While the HSUS does not provide direct community service through local sheltering of animals, its charitable purpose has never been questioned. It has a long history of supporting the local animal welfare community through programs like Animal Care Expo, the Animal Services Consultation program, publishing Animal Sheltering magazine and the many training and educational programs offered to shelter employees through Humane Society University, in addition to its puppy mill and hoarding investigations and disaster response efforts that few local sheltering organizations could possibly underwrite individually.

The HSUS mission has always included a focus on large-scale animal cruelty and eliminating animal suffering. HSUS has always been transparent about that mission. While HSUS takes on many large issues, local humane organizations generally focus on companion animal issues but many share an interest in ending animal cruelty or neglect.

For anyone to begin to take CCF seriously you will need to disclose those companies which fund your lobby activities so informed consumers can draw their own conclusions as to credibility and the agenda you promote.
 

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So in fighting this we are partnering with those who create a lot of misery for dogs/animals....on the other hand I do agree with others that this can end up punishing responsible breeders.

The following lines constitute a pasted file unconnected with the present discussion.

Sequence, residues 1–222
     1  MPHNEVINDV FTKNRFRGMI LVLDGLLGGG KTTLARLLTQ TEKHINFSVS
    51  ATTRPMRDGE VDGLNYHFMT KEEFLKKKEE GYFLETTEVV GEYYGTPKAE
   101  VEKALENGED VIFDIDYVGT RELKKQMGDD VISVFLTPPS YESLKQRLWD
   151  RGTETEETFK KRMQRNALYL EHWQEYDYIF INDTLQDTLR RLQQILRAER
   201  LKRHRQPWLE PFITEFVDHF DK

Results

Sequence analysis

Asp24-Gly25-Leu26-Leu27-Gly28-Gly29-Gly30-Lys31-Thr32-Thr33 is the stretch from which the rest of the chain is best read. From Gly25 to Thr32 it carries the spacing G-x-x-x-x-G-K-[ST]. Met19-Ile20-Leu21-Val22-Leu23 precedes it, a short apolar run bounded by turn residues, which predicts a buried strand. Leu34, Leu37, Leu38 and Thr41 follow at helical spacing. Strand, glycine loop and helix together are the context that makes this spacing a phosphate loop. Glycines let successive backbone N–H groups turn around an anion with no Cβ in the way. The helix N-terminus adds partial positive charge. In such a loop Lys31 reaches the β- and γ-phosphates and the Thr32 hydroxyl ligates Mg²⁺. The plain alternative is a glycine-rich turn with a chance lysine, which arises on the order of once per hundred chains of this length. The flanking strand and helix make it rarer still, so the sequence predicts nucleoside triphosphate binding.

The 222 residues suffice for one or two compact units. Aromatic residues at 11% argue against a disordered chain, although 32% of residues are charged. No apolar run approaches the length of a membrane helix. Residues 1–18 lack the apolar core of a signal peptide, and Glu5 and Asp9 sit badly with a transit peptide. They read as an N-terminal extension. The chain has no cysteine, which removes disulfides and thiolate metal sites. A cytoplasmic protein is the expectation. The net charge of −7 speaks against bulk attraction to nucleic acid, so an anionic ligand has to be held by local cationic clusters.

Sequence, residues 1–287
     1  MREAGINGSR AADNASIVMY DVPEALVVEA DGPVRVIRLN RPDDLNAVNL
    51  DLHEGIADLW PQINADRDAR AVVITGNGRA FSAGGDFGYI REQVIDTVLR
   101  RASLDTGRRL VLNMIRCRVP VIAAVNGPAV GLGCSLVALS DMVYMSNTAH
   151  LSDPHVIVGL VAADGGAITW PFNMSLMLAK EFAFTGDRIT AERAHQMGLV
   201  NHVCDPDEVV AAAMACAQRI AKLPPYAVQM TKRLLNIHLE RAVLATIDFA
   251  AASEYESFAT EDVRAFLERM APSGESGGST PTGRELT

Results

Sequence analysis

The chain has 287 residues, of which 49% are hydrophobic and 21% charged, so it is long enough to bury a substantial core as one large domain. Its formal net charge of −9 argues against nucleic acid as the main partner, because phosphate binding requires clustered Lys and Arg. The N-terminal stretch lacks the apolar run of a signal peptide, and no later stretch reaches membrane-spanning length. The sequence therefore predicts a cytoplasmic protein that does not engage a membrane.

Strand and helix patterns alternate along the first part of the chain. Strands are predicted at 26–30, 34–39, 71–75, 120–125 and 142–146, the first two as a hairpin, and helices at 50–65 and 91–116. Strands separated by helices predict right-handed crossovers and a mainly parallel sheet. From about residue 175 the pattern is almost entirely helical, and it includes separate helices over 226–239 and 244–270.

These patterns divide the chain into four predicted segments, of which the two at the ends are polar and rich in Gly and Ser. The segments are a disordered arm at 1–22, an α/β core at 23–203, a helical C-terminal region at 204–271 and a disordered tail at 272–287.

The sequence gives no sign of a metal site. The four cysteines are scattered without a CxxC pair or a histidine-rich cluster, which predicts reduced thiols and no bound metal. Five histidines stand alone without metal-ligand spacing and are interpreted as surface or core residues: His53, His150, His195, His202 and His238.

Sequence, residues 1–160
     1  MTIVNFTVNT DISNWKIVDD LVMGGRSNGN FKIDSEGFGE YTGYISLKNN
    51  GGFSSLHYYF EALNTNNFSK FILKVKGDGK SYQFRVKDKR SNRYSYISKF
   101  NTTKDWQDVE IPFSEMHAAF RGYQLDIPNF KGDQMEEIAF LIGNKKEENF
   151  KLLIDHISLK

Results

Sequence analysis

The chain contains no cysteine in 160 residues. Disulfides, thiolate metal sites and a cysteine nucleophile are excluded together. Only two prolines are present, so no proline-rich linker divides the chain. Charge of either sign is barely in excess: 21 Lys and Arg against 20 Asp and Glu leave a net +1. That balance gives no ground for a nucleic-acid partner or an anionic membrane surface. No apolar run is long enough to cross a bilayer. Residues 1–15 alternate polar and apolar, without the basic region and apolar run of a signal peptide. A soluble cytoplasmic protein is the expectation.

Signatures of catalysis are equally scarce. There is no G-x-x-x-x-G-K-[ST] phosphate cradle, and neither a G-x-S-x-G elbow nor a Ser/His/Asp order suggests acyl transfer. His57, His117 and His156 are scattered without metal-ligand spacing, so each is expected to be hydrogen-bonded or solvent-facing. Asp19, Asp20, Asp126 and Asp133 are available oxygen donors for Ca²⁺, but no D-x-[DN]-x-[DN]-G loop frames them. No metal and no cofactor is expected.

See, the bolded part is what I am having a hard time understanding having actually read the proposed legislation.

The primary purpose of this legislation is to amend the Animal Welfare Act so that high volume breeders who sell puppies directly to the public (vs. through a pet store) become subject to the minimum standards of care and inspections as set forth in the Animal Welfare Act. There currently is no oversight on operations that sell exclusively via the Internet. It is a huge problem that many puppy millers are exploiting.

Excerpted from H.R.847 - Puppy Uniform Protection and Safety Act
(B) High volume retail breeder.--The term `high
volume retail breeder' means a person who, in commerce,
for compensation or profit--

  • (i) has an ownership interest in or custody of 1 or more breeding female dogs; and
  • (ii) sells or offers for sale, via any means of conveyance (including the Internet, telephone, or newspaper), more than 50 of the offspring of such breeding female dogs for use as pets in any 1-year period.

Keyword in this definition is AND... So, by my reading, if you do not sell 50 puppies in one year for use as pets you are not subject to this regulation. You can own as many intact females as you want without applying for a license or otherwise being subject to the regulation.